Mountain Skills: The “Hell yes, or no way” approach to terrain management

Moderator Margaret Wheeler leads a panel with Montana State University professor Jerry Johnson, Matt Hansen of the Teton County Search and Rescue Foundation, and Sawtooth Avalanche Center forecaster Chris Lundy at the 2021 Wyoming Snow and Avalanche Workshop. [Photo] Courtesy Teton County Search and Rescue Foundation

A few weeks ago, avalanche professionals, skiers, guides and laypeople assembled at the Center for the Arts in Jackson, Wyoming, for the eighth annual Wyoming Snow and Avalanche Workshop (WYSAW). I was not there. Instead, I was at home in sweatpants, watching the livestream. Though I would have enjoyed being there, Covid-19 protocols limited in-person attendance, and I happened to throw my back out the day before and appreciated the chance to learn while sitting on a heating pad for hours.

Despite the ache in my lumbar, WYSAW inspired me to start thinking about winter objectives, but it left me questioning my approach to big lines. This year’s themes were risk and risk tolerance; in particular, Chris Lundy, a forecaster with the Sawtooth Avalanche Center, and Margaret Wheeler, an internationally certified guide, argued that skiers and riders are generally are taking on too much risk and our terrain selection methodology needs to be dialed back. So as the snow line creeps ever lower and you start daydreaming about the skintracks you want to set, here are some of the most salient points from WYSAW to keep in mind.

“You Are Taking Too Much Risk”

Skiers might not even realize it, but the way the backcountry community looks at risk has shifted in the past couple decades. Lundy referenced Saddle Peak, a backcountry spot adjacent to Bozeman, Montana’s Bridger Bowl Ski Area. Twenty years ago, he said, skiers waited for “bomber,” conditions on the peak—when they were certain the snowpack was stable—and he skied it only a handful of times in the years he lived there. Now, the mountain, just a 30-minute walk from the ski area boundary, is tracked up on most powder days.

Lundy argues that “risk creep” over the past couple decades has altered how backcountry skiers assess risk. [Photo] Courtesy Teton County Search and Rescue Foundation

At a community level, that movement involves “risk creep,” Lundy said. People see tracks on a face a few times, so they begin to change their perception of its danger, and that trend compounds over the years. “We’re probably taking more risk in the backcountry than we were 10, 20 or 30 years ago. And it’s happening slowly; it may not be very noticeable.”

You’re Probably Looking at Terrain Wrong

Many skiers, Lundy posited, approach terrain selection in a certain way. They start by choosing a higher-consequence line, one that is certainly in avalanche terrain. Then they rule it out if the conditions seem too dangerous. He wants people to reverse how they consider avalanche terrain. “You’re starting from the place of, ‘I’m going to go to a steep avalanche-prone slope,’ and uncertainty means it’s harder for us to convince ourselves we should not go there,” he said.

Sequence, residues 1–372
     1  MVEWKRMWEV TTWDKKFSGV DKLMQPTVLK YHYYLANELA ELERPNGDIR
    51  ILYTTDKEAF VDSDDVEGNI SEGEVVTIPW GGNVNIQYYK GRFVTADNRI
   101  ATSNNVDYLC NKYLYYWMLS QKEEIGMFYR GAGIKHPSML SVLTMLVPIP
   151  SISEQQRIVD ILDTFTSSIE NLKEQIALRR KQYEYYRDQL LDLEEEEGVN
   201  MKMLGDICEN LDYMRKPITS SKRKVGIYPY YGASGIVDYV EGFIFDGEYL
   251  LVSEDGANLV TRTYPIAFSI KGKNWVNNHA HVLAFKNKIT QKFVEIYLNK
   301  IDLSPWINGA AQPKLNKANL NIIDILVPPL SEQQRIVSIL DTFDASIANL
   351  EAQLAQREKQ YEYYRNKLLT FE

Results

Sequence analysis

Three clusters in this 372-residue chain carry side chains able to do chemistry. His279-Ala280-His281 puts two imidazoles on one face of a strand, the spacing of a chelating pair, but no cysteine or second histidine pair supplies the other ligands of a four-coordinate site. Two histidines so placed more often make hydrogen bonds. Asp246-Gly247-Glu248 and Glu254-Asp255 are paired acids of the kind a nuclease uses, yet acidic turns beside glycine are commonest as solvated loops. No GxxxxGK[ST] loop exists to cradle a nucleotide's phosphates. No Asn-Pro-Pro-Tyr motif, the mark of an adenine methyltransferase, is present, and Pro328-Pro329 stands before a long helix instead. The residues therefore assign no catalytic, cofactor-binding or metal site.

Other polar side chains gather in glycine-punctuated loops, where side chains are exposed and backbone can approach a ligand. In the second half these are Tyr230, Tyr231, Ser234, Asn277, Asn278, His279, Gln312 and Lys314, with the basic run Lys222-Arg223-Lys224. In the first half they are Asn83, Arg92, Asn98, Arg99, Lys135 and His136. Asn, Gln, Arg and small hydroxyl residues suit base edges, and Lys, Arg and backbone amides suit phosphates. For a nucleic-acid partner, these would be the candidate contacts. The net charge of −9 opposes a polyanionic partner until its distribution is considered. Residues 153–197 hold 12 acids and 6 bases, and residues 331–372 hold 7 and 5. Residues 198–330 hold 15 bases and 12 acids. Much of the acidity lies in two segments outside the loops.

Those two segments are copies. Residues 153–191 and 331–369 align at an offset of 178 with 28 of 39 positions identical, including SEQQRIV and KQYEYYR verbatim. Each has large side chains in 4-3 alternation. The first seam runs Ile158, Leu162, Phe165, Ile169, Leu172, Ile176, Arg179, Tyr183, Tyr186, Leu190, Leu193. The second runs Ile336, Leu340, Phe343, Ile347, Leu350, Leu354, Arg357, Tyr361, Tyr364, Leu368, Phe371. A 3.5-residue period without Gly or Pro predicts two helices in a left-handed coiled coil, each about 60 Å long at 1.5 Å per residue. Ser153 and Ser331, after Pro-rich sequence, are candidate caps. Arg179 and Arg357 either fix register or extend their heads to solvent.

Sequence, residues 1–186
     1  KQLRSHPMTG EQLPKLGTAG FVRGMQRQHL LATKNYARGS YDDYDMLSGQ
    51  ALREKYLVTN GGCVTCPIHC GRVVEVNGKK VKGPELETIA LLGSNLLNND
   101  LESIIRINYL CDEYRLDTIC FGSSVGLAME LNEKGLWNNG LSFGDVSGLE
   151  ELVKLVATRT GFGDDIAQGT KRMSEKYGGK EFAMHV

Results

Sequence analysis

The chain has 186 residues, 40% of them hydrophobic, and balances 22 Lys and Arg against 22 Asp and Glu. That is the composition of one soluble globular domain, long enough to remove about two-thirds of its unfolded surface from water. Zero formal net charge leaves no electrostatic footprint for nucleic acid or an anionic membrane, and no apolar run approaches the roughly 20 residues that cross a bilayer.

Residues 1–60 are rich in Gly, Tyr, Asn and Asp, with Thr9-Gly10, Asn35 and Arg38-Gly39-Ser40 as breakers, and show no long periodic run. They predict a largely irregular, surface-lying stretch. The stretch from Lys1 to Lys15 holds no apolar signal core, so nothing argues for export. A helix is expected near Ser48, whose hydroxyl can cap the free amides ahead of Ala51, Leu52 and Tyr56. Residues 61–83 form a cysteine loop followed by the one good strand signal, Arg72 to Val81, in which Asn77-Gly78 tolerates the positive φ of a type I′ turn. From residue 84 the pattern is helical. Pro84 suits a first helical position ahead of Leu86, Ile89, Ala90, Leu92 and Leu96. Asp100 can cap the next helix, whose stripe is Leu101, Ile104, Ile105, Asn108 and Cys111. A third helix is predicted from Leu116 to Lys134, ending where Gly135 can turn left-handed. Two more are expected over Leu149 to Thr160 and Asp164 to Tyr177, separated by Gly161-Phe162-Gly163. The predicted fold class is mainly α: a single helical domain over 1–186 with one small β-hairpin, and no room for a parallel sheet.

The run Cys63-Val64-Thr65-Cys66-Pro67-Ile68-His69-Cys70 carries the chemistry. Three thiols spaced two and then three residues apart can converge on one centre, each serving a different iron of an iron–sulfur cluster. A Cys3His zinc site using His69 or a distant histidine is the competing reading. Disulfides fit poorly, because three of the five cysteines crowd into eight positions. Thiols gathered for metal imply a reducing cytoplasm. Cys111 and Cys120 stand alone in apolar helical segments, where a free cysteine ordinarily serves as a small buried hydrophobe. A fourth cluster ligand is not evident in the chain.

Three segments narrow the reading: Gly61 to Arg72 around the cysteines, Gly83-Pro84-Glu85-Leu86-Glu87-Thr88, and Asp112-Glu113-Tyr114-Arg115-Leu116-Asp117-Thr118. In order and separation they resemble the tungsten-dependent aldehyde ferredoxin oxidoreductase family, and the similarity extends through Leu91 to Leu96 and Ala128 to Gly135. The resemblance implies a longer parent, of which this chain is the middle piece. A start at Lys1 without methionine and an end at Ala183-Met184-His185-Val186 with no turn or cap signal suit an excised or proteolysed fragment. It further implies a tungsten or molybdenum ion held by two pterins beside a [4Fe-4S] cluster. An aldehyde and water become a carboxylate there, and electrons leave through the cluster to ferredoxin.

Instead, he argued, the default terrain should be safe slopes, ones he called “avalanche proof.” Then, avalanche terrain can be ruled in only if there is no uncertainty about its stability. “This means we need make friends with OGP, which stands for old guy or girl powder,” he said.

“Culture eats strategy for breakfast

As my fellow editors reported in our recent Avalanche Issue, participation in AIARE Level 1 courses has grown dramatically, but Margaret Wheeler, a longtime internationally certified guide, pointed out that other inputs like ski films and social media dwarf the three days that people spend in a Level 1. “If you consider a contest between culture and education,” she said, “my bias is that I think culture is probably going to win.”

Ever the realist, Wheeler says that a culture of stoke and risk overshadows the few days students spend in an avalanche course. [Photo] Courtesy Teton County Search and Rescue Foundation

Despite avalanche educators’ best efforts to instill good habits in their students, she said, the minute they complete a course they return to being inundated by ski media (including Backcountry Magazine), Instagram and other reminders that skiers are getting rowdy in the mountains. It’s an uphill battle to create a culture that prioritizes education and strategy over the prevailing stoke.

What can you do about it?

Lundy and Wheeler’s remarks were, in some ways, bleak, but they weren’t all doom and gloom. We can recognize the impacts of backcountry skiing culture, Wheeler said, and course correct. For instance, Wheeler said her culture (the people around her) can sometimes discourage debriefing mistakes, admitting errors or conservative mindsets, even unintentionally. On the surface, that’s not great, but that awareness can be a starting point to developing new habits. As you go into this season, ask yourself questions about the culture that surrounds you. Is it self-reflective? Are dissenting voices heard and acknowledged? What do you value in a ski day?

On a similar note, Lundy advocated a change in perception, especially for those who set avalanche terrain as their default choice. “Most of us have the same goal in mind,” he said. “We want to live a long life of backcountry adventure. We don’t think even the best path to run is worth dying for.” But the desire for powder turns can blind us, so he suggested a short reminder for making decisions: “Hell yes, or no way?”

If you take Lundy’s advice this season, when you can’t say, “Hell yes” that a run is safe, you better say, “No way.”


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